Cushman: Family Vlogging Shows Us the Dangers of Sharing Our Kids Online


Claire Peterson

(Graphic by Claire Peterson | The Daily Utah Chronicle)

By KC Ellen Cushman, Opinion Writer


Growing up, my mom always prided herself in not using social media, so much so that it often made me eye-roll. But as an adult, I’m grateful that my mom didn’t use social media to share my life online. Today, the lives of many children are shared online in a way they cannot control.  75% of parents share content of their children online, most of the time using their kids’ real names which makes the information more easily identifiable.

When parents use their kids to create online content, these children’s wellbeing becomes secondary to the views and money they garner. And more alarmingly, children’s consent about what their parents post about them is removed, leaving them vulnerable. As an audience, we need to be mindful of the influence these family vloggers have on us. We should consider their harmful impact and think about how we share content that includes the children in our lives.

The Harms of Family Vlogging

Children today are often featured online before they even know enough to navigate the internet or understand its implications. One parenting blogger shared that even when her teenage daughter asked her not to share her life online anymore, she felt as though she couldn’t stop because it had become a part of her online identity.

But sharing children’s lives online causes issues even deeper than that. With the rise of platforms like YouTube, many families even vlog their children’s day-to-day lives. These vlogging channels, while they may seem harmless, cause a lot more harm than we may realize.

In 2021, mommy vlogger Jordan Cheyenne accidentally left a clip of her coaching her son to cry in a YouTube video about their dog’s medical diagnosis. Another family vlogging YouTube channel known as the Ace Family came under scrutiny in 2019 when Austin McBroom bought a little girl a phallic-shaped sucker.

In 2018, another family vlogger “pranked” his kids by putting laxatives in their ice cream and filmed them in the bathroom even as they tried to close the door. The footage showed his kids crying out in pain saying their stomachs hurt. Most people see how those channels are a problem, but even less obviously abusive family vlogging content can harm kids.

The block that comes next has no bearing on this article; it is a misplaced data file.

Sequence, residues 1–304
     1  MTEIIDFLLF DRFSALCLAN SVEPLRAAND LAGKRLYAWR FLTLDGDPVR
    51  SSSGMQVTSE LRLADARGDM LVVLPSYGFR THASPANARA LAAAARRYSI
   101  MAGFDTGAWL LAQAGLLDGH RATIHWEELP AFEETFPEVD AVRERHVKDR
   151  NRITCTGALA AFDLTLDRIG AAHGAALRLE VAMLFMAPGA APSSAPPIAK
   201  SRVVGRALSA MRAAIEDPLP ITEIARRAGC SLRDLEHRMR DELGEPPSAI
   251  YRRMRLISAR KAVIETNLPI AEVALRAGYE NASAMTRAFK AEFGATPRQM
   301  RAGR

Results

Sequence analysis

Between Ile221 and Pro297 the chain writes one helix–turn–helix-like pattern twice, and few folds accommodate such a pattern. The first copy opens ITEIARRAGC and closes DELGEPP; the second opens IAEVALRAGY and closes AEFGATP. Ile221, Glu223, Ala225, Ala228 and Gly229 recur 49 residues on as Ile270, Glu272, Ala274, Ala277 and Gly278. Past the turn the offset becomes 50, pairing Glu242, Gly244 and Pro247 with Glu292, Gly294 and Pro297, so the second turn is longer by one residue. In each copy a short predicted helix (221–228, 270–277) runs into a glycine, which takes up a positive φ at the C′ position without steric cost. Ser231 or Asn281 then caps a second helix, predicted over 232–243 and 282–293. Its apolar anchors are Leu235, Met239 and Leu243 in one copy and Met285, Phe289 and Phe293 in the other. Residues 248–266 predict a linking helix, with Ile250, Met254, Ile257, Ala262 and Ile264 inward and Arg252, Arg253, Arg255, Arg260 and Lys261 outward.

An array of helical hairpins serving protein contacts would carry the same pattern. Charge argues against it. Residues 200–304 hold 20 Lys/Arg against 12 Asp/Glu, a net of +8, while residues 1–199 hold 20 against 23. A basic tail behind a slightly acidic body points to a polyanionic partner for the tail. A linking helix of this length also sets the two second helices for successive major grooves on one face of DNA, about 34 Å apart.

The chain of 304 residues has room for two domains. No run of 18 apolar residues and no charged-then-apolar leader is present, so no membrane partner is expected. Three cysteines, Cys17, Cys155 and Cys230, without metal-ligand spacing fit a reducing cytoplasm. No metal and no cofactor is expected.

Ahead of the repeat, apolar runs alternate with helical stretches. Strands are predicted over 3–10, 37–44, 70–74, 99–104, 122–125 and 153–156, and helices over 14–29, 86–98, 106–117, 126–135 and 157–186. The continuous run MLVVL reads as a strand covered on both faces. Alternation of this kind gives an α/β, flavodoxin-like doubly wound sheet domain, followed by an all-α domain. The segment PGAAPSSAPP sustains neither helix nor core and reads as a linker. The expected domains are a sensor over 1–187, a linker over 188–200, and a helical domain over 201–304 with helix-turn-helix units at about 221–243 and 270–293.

And in 2017, one vlogging family came under fire after “pranking” their kids with disappearing ink. The parents sprayed the ink on the bedroom carpet of their two sons, then screamed at them for ruining the carpet. The boys started crying, desperately trying to tell their parents they didn’t do it. The so-called “prank” was severely emotionally abusive.

Fame Over Wellbeing

Many modern-day children google their names only to see years of content including them already online from parents, schools and extracurriculars. The Atlantic reported experiences from kids who were shocked to find their sports scores, photos and personal details available on the internet for anyone to find — all without their consent. Family vlogging takes this non-consensual sharing to the extreme by sharing hours of footage of their young children. They make this behavior seem okay or even desirable to their audience.

The Ace Family, for example, often flexes the wealth their family vlogging has earned them. Sharing pictures of the children in our lives may not be outright abusive like the pranks some family vlogging channels have done. It may not be as invasive as some family vlogs. But it still takes away consent and the ability of children to shape their own online image.

Modeling Consent

As viewers of online content, we need to be mindful of who we support. When parents use children’s tears to garner views or invade their children’s privacy, we have a responsibility not to enable this behavior with our views. We must recognize how this content influences what we think is okay to share about children we know.

We have an obligation to change our culture and model consent to our own children. This starts by talking to the kids in our lives when we share a post about them or with their picture, and what that might mean for their online image and safety. By creating a space of informed consent and limiting what aspects of their lives we share, we can give them the agency to share their lives as they see fit when they’re old enough.

The children we know, whether they are our own children, our siblings or family friends, deserve loved ones who prioritize their safety and wellbeing over an online presence. The next time I talk to my mom, I’ll thank her for considering my wellbeing over her online persona. In the meantime, I’ll make sure to question the media I see and model consent to the children in my life by not sharing their life online.


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